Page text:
Journalists usually base their opinions on the condition of the Czech film production on feature-length live action films they see in cinematic distribution. Less attention is paid to documentaries and shorts by students or fresh film school graduates are left out completely. And yet, these are the very works that help the Czech filmmaking industry win acclaim at international festivals.

One of the reasons why there has not been any continuous reflection on short films could be the inertia of some film journalists who only pay attention to sufficiently PR-promoted films they are shown at journalist screenings. They do not venture to spot and point out any new aspiring creators.

All that happens notwithstanding the fact that graduation projects of the Film and TV School of the Academy of Performing Arts in Prague (usually referred to as FAMU) are available to public (although it takes a great amount of patience and love for multi-level labyrinths), and that one can also get a very good overview of the up and coming talents at the FAMU Fest every year, even if its scope is logically limited to the works of FAMU students.

Sadly, not even cinemas show any significant interest in shorts, as they are unwilling to postpone the pleasure of their audiences any longer by squeezing a pre-film in between the lengthy ads and a main film of about 2-hour runtime, although it was once customary. It’s therefore not very easy for the broader (and outside Prague) audiences to get to see those films. Hence the weak motivation to write about something only few had the chance to see; especially in the times of online journalism, where the number of clicks, not the quality or originality of the content, is the deal-maker.

There are shorts published on the website, but very selectively, and most of the times only based on their previous awards performance (such as a Czech Lion Award nomination or a screening at the Annecy festival). The Czech Film Center website also offers access to collections of relevant shorts from each year, but it only grants access to journalists and professionals. The only way left to see shorts are festivals.

Student films are regularly put on the programme of the Karlovy Vary International Festival (this year, it was the case of several highly appraised animated films that would deserve an analysis of their own: Daughter [Dcera], Apart [Spolu sami], The Kite [Pouštět draka]…). Shorts are also treated with special care by the Summer Film School. Besides having four blocks of student films on the programme, it offered a 4-hour marathon of student works, parallely broadcasted by the Czech Television network. The Summer Film School also presented Tomasz Wiński’s George The Dog, Refugee (Jiří pes uprchlík) individually, a film made after the director’s FAMU graduation without any support from the State Fund of Cinematography, who found the film’s subject too thorny.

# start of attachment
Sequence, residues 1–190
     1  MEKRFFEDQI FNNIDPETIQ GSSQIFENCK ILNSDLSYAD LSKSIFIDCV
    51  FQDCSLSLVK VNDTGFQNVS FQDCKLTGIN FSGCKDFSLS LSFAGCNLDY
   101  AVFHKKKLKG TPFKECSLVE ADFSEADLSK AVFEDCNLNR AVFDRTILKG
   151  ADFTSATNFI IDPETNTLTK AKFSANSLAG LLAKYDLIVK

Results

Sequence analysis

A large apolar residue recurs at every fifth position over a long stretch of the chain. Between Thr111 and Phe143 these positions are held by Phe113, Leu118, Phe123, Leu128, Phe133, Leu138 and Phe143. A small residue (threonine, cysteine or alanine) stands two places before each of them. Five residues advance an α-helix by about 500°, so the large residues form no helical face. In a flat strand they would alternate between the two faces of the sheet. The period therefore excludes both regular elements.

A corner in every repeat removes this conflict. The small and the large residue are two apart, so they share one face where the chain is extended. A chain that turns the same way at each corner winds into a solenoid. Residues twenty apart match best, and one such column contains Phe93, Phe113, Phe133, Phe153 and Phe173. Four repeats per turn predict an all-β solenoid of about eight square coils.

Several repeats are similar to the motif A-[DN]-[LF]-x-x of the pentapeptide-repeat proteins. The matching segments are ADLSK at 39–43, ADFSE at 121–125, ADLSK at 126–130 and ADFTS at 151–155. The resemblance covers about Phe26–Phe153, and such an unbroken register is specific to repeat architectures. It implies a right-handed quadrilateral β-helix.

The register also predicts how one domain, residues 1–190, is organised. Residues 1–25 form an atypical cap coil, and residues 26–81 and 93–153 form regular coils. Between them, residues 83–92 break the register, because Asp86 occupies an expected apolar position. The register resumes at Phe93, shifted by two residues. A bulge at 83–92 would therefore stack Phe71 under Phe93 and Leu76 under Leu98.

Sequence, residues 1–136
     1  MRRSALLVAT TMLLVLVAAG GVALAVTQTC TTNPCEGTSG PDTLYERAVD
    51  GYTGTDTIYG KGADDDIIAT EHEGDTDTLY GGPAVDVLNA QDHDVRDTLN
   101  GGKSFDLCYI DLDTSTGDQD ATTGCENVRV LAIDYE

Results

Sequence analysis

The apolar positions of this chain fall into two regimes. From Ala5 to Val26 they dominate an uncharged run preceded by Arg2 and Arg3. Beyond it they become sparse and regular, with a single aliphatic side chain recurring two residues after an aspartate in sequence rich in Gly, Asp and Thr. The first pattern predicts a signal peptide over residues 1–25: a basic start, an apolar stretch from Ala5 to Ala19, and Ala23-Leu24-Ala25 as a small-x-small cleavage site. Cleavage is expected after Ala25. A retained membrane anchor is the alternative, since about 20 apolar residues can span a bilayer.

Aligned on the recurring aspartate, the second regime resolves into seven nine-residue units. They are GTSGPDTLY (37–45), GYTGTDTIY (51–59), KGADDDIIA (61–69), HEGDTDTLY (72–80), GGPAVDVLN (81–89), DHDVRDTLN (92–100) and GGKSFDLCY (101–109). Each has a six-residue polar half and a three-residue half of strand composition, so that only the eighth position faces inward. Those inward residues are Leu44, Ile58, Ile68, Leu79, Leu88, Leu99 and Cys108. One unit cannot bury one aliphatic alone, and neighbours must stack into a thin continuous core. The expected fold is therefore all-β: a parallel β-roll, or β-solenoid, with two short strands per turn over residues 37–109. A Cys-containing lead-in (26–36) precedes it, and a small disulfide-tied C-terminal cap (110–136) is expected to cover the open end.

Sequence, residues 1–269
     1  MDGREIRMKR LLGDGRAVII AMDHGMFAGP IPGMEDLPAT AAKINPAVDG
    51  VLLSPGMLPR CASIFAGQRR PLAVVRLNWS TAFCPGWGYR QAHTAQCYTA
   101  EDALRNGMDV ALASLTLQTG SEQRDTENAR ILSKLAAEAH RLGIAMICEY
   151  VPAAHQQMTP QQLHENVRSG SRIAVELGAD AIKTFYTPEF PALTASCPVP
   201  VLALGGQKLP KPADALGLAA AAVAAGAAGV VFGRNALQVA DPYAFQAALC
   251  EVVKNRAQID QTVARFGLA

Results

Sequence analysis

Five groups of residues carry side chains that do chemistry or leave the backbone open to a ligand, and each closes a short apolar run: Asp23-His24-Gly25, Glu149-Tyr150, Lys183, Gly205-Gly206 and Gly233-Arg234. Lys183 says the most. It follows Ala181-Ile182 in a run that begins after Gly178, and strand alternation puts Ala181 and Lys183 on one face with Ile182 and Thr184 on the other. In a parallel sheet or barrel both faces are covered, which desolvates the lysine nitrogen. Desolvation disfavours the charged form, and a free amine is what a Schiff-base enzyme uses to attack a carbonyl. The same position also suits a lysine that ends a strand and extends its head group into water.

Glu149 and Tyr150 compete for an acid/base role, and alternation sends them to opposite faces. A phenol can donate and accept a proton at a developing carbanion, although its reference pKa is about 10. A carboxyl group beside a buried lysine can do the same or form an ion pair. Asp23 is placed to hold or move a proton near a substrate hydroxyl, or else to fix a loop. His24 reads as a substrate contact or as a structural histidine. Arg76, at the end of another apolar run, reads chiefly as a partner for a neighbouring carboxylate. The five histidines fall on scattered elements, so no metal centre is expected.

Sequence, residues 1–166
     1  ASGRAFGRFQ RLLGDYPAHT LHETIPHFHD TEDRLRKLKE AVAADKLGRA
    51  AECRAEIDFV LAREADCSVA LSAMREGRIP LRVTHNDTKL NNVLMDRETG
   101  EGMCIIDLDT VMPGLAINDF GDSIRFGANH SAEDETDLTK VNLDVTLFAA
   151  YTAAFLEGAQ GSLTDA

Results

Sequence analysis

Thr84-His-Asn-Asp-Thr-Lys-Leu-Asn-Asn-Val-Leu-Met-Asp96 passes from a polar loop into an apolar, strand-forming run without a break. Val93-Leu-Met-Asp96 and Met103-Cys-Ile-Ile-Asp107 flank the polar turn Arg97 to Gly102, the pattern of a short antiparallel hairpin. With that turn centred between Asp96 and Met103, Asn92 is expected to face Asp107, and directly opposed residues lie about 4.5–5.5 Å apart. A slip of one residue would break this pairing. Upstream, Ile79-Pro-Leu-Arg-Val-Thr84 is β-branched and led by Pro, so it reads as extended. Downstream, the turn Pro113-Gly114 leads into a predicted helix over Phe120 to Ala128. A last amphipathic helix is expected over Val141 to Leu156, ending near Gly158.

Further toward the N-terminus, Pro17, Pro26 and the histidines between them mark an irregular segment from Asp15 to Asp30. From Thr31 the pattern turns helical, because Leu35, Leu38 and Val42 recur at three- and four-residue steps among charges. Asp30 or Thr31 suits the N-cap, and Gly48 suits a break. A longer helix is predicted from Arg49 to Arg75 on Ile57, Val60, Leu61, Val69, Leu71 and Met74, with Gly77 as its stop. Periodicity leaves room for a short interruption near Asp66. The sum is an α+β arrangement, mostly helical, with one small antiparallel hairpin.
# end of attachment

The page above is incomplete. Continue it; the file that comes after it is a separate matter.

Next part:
Wiński’s étude on a non-standard relationship constellation is one of the five outstanding titles on the festival’s programme that will be dealt with in more details here. All of them show extraordinary directing talents and bring a promise of growing truthfulness in Czech filmmaking. We also recommend to pay more attention to other Czech shorts, presented at the Film Summer School programme or elsewhere. It is an effective remedy to the grief from the declining Czech film productions, an emotion sprouting mostly from a vague sense of decadence rather than actual audience experience.

When looking beyond the offer of traditional cinema distribution, we find out that there are great films being made in the Czech Republic. And not just a few of them.


Mt. Human (Člověk Kilimandžáro, directed by Jan Hecht, 2018)

Jan Hecht’s short premiered in the European Student Films competition section at the Premiers plans d’Angers festival. Czech fans of unorthodox distribution had the chance to see the film as a part of  the First World Problems (Problémy prvního světa) short story tetraptych.

The protagonist of the comedy drama (Lenka Vlasáková) is a head paediatrician in a regional hospital. She decided to celebrate her 40th birthday by handing in her resignation and by a complete change of direction both in her career and her life. She wants to start working in Germany. She feels unfulfilled in her job which leaves her with „no time and no money“, and her marriage as well. Her husband (Martin Finger), also a doctor, shows little understanding for her decision. He remains in his job out of fear and caution, despite of his awareness of the unsatisfactory working conditions in the hospital that fail to provide both decent conditions for the staff and appropriate care for the patients. Unlike his wife, he doesn’t want to change anything.